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A Lot or a Little?
What you will—and won't—find in this game.
Main character is willing to sacrifice everything to save his son and honor his late wife. Themes of duty, reverence, righting wrongs run throughout the game.
Positive Role Models
Though sometimes a bit distant, the main character does share wisdom with his young son while protecting him from harm.
The story explores ancient Scandinavian culture, religion, and mythology. A large majority of the human/god/demigod characters are white males.
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Ease of Play
The game's controls are different from previous entries in the series but are still mostly intuitive. Offers multiple difficulty options.
Violence & Scariness
Players use an axe, other instruments/weapons, and their fists and feet to kill gods and monsters, often resulting in blood, gore, dismemberment. Players rip enemies in half with their bare hands, smash heads to pieces with their feet, and slam axes into skulls, among other brutal actions.
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Dialogue includes "f--k," "s--t," and "a--hole." One character constantly uses crude dialogue when interacting with others.
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Products & Purchases
Part of an extremely popular action series.
Parents Need to Know
Parents need to know that God of War is an extremely violent, bloody action game for PlayStation 4 and Windows PC. Using sharp weapons, his fists and feet, and his son's bow and arrow, the main character kills countless people, monsters, and animals, sometimes in very brutal fashion, resulting in bloodshed, gore, and dismemberment. For example, players will be able to rip monsters in half with their hands, tear the wings from flying creatures, and bury axes in enemies' faces. Strong language in the game dialogue includes "s--t," "f--k," and "a--hole," and one character constantly uses crude terms/language when interacting with other characters, mainly in a store setting. This installment in the popular God of War franchise is the first one for the PS4. While controls are different from those of previous games, they're easy to learn, and there are multiple difficulty levels to reduce players' frustration.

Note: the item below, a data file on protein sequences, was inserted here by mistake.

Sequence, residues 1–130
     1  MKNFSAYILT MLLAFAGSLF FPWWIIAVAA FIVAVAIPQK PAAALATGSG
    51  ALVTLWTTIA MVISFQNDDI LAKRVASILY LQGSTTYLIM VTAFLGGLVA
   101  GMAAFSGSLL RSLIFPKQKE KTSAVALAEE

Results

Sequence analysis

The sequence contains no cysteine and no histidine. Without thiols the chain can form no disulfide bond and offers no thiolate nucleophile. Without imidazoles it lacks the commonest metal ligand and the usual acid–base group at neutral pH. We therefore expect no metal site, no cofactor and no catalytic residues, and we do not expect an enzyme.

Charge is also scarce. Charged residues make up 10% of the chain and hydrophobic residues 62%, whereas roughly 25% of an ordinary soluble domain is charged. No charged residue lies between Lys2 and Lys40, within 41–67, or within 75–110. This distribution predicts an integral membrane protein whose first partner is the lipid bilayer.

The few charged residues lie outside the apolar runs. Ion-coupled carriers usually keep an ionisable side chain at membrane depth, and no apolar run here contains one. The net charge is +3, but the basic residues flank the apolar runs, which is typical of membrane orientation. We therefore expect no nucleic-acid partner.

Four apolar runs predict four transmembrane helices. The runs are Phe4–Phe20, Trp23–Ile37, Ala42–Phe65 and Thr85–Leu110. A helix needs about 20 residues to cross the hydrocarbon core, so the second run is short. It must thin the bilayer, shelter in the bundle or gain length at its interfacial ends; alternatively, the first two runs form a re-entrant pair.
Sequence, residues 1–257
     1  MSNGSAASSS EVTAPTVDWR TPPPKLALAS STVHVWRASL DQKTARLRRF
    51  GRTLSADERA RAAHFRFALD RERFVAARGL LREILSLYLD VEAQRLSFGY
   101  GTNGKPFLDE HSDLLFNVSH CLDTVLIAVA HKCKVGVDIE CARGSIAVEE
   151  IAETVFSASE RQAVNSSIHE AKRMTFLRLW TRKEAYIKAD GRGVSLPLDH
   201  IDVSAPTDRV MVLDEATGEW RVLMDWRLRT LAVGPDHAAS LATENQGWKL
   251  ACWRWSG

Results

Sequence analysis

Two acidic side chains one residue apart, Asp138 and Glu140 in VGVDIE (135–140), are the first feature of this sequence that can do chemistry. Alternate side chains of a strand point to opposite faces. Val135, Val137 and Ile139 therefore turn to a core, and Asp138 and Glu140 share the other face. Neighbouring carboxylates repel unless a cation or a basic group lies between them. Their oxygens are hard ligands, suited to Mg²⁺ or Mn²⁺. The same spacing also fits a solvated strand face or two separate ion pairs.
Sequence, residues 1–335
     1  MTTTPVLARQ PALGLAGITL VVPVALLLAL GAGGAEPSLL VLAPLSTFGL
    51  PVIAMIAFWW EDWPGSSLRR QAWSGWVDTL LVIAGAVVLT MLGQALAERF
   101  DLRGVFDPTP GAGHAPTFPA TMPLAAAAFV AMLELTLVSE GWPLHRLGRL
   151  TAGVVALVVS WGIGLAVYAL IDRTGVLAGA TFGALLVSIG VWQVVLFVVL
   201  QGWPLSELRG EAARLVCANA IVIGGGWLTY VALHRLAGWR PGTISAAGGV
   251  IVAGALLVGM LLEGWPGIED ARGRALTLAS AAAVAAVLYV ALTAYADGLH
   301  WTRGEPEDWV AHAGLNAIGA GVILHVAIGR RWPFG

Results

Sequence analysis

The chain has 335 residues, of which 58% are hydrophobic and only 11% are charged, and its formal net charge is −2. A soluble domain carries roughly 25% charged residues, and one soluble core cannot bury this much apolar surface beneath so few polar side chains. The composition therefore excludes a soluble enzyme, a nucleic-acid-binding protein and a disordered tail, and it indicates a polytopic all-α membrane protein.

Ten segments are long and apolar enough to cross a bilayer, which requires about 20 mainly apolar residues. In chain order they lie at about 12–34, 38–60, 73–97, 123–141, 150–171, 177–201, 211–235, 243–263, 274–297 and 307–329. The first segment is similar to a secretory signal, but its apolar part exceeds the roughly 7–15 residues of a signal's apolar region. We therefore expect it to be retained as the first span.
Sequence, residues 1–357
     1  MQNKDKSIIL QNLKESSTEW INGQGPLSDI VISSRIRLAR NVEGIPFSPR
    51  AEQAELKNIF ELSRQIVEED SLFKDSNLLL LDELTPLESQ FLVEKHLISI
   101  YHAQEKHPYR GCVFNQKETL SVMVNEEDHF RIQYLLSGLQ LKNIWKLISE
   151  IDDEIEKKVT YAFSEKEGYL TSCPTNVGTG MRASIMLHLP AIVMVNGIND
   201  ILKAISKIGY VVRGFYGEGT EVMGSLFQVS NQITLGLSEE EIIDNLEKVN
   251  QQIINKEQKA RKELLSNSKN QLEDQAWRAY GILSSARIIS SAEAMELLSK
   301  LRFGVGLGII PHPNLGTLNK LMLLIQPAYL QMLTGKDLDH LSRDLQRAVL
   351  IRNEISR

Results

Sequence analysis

Is It Any Good?
Though this adventure updates much of the franchise's iconic gameplay, it does so in a way that maintains everything great about the mature series. While God of War tries to show an older, more mature Kratos who has attempted to move past his younger, angrier days, he quickly finds himself dragged back into fighting with gods when his wife dies and he's left to raise his son alone. Which, as usual with this series, involves lots of exploring, a bunch of rock climbing, and a whole lot of smacking monsters in the head and chest with sharp instruments. It also means a spike in brutal enemy destruction, because Kratos is particularly creative when it comes to killing opponents. From impaling monsters to literally ripping a creature's face off with his bare hands, there's no stop to the brutality once you start the adventure.
This installment makes a number of notable gameplay changes. Initially, they might seem like minor adjustments, but their inclusion radically revitalizes the franchise's action. The tweaks include a new over-the-shoulder perspective, a player-controlled camera, and a hearty axe that not only can slice and dice with the best of them, but also can be thrown. Even cooler (no pun intended), the axe can freeze some enemies in place, and it can be used to encase devices, like a counterweight, in ice to keep a gate open. Kratos also gets a lot of help from the kid, whose bow and arrow can be used, when Dad commands it, to kill enemies or distract them so Kratos can kill them more easily. While the game does have a couple minor issues -- like accidentally using a health crystal when trying to pick up loot, or the incredibly tiny size of the text and button prompts -- the addictive combat, clever problems, and varied action make God of War not just the most compelling entry in this series since 2008's Chains of Olympus, but also one of the most engaging action games released.
Did we miss something on diversity?
Research shows a connection between kids' healthy self-esteem and positive portrayals in media. That's why we've added a new "Diverse Representations" section to our reviews that will be rolling out on an ongoing basis. You can help us help kids by suggesting a diversity update.